Soldiers from the Central African Republic (CAR) who fled to Cameroon are refusing to go back to their home country. The men are complaining of insecurity in the CAR, where the rebel group Seleka toppled the president in March. They also say they may face charges of manslaughter in the CAR's courts.
The soldiers who entered Cameroon after CAR President Francois Bozize was ousted in a coup March 24, have turned down calls for them to go home. One of their spokespeople, Kato Djodiar, who remains loyal to the ousted president, says that new CAR President Michel Djotodia is not giving the soldiers any assurances they will not be arrested or even killed if they return home.
He says there is no question of going back because those who fought with president Bozize are wanted everywhere and they are not sure that if they return they will be secure. He says at this time those who fought with Bozize have been declared wanted so many prefer to stay in Cameroon for now.
Cameroonian officials say there are are 70 CAR soldiers in Cameroon who have refused to return to their country.
But the national Red Cross of Cameroon puts the number much higher, at more than 500 soldiers, a majority of whom were supporters of the CAR's ousted president. The government of Cameroon is reported to be uncomfortable with their presence as many remain heavily armed.
Government representatives from both Cameroon and the Central African Republic have been visiting the soldiers, trying to persuade them to go home. The leader of the delegation from the CAR, Idriss Salao, who is the country's deputy director of the civil cabinet of the presidency, says soldiers who left the CAR are still considered in active service so their salaries will be paid. He also says they will enjoy security if they return to Bangui.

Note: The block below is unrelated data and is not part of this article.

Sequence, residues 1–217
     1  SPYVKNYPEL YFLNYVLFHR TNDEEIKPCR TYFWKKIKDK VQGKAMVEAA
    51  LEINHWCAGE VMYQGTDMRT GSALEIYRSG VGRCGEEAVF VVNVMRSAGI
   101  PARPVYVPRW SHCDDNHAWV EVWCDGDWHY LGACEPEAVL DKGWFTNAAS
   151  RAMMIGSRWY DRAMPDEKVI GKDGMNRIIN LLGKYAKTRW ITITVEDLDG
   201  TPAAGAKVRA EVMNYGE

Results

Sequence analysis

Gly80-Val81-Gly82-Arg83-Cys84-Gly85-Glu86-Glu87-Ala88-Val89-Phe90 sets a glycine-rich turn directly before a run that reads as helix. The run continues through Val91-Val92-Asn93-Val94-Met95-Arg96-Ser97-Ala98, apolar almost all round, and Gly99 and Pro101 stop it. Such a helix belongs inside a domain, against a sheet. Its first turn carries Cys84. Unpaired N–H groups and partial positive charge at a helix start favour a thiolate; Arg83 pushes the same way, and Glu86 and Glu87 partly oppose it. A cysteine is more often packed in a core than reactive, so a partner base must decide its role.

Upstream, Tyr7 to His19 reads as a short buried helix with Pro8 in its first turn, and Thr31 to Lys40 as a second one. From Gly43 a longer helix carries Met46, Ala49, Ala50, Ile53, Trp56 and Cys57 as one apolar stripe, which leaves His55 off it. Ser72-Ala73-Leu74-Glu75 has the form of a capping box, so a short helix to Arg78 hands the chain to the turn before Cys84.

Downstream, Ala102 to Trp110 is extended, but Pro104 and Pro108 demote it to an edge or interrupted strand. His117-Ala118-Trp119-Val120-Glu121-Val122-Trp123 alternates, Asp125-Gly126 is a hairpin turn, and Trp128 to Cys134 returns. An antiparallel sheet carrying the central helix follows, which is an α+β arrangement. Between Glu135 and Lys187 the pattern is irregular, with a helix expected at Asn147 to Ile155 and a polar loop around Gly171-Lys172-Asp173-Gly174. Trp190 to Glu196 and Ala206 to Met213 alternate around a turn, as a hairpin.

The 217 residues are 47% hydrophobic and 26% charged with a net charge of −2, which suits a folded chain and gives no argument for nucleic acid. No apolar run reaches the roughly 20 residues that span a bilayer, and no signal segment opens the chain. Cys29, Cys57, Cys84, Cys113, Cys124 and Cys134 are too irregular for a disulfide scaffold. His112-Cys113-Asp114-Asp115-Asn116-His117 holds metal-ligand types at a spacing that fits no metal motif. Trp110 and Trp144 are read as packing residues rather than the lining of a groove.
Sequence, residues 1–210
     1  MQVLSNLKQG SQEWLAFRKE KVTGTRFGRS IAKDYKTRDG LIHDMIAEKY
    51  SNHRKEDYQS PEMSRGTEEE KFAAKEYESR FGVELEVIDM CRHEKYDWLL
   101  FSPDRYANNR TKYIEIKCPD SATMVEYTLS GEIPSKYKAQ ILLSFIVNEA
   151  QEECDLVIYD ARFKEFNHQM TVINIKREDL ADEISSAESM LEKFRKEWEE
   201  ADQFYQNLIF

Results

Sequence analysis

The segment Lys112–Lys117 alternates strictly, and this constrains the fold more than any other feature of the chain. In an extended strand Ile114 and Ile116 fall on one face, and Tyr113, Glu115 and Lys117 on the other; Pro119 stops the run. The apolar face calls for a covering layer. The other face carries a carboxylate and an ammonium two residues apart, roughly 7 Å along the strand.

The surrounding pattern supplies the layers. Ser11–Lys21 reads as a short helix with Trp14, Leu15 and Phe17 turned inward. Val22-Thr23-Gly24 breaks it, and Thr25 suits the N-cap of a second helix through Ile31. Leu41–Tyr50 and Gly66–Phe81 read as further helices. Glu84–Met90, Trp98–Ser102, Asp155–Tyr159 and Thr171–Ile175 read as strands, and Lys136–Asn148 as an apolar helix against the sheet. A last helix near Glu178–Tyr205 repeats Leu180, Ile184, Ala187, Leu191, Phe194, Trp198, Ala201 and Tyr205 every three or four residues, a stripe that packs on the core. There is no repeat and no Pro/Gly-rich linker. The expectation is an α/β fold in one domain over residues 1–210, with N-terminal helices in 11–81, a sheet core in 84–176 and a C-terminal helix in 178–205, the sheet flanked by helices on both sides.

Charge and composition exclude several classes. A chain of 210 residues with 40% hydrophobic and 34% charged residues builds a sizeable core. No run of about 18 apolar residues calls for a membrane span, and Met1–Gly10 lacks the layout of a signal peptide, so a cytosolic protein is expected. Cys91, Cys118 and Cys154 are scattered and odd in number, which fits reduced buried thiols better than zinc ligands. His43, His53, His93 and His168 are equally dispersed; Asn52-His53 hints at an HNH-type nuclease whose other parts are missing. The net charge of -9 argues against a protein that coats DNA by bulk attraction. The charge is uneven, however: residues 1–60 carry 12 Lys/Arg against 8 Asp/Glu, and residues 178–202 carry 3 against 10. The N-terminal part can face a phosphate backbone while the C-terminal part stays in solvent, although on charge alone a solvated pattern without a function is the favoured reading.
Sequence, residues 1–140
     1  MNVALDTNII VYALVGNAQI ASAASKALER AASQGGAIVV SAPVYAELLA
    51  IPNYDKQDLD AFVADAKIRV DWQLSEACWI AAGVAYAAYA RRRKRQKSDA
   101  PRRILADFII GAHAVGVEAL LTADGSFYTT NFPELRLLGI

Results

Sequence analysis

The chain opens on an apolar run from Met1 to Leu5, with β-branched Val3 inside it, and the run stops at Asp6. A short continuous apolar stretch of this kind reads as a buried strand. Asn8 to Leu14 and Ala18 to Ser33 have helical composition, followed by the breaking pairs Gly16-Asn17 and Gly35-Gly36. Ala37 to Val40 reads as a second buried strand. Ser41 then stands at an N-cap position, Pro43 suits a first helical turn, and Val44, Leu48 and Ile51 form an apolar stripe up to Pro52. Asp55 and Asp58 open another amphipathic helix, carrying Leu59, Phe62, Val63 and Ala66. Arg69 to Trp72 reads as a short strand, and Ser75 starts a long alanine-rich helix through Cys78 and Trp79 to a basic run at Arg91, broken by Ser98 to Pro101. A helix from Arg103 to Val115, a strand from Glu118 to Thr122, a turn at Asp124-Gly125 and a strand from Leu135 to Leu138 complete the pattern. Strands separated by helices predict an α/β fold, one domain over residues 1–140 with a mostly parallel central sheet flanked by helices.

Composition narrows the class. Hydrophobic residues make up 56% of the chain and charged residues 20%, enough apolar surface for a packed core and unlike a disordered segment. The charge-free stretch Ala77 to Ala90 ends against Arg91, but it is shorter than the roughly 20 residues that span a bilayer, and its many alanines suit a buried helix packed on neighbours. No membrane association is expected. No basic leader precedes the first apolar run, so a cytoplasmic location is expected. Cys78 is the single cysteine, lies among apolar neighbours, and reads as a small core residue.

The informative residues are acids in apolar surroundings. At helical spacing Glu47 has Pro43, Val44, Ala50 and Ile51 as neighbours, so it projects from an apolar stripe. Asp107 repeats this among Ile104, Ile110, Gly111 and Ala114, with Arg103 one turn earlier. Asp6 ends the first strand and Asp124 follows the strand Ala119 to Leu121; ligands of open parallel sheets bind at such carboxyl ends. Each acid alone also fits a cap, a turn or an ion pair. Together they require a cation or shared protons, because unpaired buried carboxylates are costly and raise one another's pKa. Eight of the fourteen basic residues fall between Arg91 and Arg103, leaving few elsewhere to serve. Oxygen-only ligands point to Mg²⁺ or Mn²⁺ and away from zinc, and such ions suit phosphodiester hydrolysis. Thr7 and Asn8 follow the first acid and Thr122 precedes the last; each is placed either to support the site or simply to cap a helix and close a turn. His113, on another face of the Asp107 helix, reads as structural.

Cameroon's secretary of state in charge of war veterans, Kumpa Issa, also joined the delegation. He refutes allegations that Cameroon is forcing the Central Africans to return saying 21 of the soldiers have returned voluntarily.
Many Cameroonians do not appreciate the presence of the CAR soldiers or the presence of the ousted CAR president Francois Bozize in Cameroon. 40-year-old Mireil Lambo, a journalist says Bozize's presence could destablize the border region.
Emmanuel Sandjong, a businessman in Yaounde, agrees. "Bozize has been declared a fugitive in this country," he said. "The fact that he stays in Cameroon makes it insecure for both Cameroon and for the cordial relations that have to exist between the Cameroon and the Central African Republic."
Many here in Yaounde say the presence of Bozize and his loyalists in Cameroon has strained the country's relations with the CAR. Three months ago, new CAR leader Michel Djotodia announced that he was going to visit Cameroon -- but he never arrived. Observers said Bozize's presence in Cameroon made him change his mind.